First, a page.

3. Letter to the Future. Each New Year brings a whole host of new resolutions, ideas, and plans. Encourage your family members to write a letter to themselves about their goals for the upcoming year and their plans for achieving them. Seal them up and set them aside until next year where each of you can open them and see where the year took you. It may just become one of your family’s favorite New Year’s traditions!
  4. Hide ‘n Seek Letters. Play a game where everyone writes each other letters and hides them around the house at random. It can be the traditional note in a lunchbox, or an elaborate “Ode to Mom’s Meatloaf” tucked between pots and pans in the cupboard. Consider setting up house rules, where the person who receives the letter has to write one in return or be stuck doing the other person’s chores for a few days.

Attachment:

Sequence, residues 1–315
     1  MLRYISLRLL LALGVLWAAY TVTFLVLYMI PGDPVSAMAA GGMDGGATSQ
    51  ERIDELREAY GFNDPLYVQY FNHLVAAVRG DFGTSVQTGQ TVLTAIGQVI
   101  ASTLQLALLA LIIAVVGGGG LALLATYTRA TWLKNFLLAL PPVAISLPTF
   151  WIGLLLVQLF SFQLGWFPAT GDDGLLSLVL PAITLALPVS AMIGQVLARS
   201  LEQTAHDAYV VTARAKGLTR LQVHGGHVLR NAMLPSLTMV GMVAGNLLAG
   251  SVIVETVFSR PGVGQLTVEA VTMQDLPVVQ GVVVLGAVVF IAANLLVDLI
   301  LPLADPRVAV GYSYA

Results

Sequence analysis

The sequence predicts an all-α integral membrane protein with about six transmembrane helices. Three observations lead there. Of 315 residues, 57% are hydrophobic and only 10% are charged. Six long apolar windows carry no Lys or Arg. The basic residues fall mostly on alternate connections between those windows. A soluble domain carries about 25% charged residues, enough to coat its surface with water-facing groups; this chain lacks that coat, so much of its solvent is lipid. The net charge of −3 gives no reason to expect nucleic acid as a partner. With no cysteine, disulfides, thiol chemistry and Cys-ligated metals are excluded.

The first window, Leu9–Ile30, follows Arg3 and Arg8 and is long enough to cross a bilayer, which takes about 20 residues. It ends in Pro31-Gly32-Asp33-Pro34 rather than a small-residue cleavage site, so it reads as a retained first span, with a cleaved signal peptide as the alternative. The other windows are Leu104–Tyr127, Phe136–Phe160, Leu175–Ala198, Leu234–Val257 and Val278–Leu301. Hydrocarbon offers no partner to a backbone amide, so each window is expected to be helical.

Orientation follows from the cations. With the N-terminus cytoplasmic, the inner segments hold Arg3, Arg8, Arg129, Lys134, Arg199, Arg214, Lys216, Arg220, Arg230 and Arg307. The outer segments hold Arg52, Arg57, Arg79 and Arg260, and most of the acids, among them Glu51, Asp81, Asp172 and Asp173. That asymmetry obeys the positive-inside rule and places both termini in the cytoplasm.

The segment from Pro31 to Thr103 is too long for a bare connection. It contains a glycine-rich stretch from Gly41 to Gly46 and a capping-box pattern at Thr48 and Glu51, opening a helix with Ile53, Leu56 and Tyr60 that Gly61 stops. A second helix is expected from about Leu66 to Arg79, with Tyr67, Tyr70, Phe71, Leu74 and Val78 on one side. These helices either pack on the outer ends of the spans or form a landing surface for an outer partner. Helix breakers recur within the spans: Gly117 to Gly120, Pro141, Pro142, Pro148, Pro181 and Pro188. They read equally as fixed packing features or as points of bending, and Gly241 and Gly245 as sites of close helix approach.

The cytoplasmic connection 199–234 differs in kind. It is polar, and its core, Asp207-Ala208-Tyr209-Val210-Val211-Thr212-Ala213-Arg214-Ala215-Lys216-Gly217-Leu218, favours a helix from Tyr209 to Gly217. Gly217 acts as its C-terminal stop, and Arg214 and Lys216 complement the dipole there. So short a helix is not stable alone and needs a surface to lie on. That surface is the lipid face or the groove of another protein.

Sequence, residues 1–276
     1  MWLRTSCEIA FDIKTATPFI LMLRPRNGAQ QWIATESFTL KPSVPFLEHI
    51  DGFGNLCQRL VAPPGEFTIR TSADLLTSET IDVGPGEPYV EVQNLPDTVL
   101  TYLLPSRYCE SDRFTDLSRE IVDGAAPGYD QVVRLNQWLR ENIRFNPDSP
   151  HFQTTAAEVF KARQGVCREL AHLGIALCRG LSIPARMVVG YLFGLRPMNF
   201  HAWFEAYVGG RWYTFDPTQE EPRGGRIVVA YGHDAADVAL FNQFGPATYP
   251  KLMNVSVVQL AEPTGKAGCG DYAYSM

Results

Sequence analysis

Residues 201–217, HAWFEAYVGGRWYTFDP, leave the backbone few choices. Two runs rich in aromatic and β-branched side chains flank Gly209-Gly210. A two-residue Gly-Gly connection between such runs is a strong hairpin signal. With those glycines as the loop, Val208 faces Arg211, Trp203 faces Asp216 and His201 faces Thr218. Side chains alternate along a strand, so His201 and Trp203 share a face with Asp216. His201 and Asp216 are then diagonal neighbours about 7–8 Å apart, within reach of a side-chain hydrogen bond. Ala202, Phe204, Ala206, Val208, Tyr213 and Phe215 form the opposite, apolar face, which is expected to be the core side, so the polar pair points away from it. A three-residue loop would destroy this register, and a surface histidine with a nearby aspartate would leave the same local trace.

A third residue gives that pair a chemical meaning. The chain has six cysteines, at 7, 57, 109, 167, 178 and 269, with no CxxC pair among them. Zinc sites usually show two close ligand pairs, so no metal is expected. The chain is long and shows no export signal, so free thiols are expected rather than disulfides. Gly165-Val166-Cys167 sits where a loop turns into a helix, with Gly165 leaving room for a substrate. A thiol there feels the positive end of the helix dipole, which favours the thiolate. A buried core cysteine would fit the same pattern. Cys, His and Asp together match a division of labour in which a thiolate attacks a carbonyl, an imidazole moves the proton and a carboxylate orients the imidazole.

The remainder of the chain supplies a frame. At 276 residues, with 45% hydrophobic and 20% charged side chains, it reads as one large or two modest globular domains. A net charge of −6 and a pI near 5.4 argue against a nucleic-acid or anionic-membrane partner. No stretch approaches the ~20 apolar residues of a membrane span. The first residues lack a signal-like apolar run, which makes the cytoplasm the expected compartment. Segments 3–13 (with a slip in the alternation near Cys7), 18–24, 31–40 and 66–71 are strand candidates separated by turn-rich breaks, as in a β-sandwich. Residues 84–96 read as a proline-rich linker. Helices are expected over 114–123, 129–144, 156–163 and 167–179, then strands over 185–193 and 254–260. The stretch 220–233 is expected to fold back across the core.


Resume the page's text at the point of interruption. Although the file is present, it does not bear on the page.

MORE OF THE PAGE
5. Snow Write. For those families in the northern climates, new fallen snow can be a fun and playful canvas for family letters. You can compose one together in an open area, writing large enough in the snow for planes overhead to see, or you can take turns writing out surprise messages for one another to find.
  6. Trace It. Young children may not be able to write out their names or even form individual letters on their own yet, but two- to three-year-olds may be able to trace letters that you write out for them. This process helps develop fine motor skills and letter-sound associations, both of which are important for school readiness.

I grew up loving letters. I wrote to my cousin, to my best friend, and even to my husband while we were just dating. What role have letters played in your life? Share your answer or the ways your family celebrates Letter Writing Week with us in the forum.

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5 Ways to Keep Skills Sharp Over Break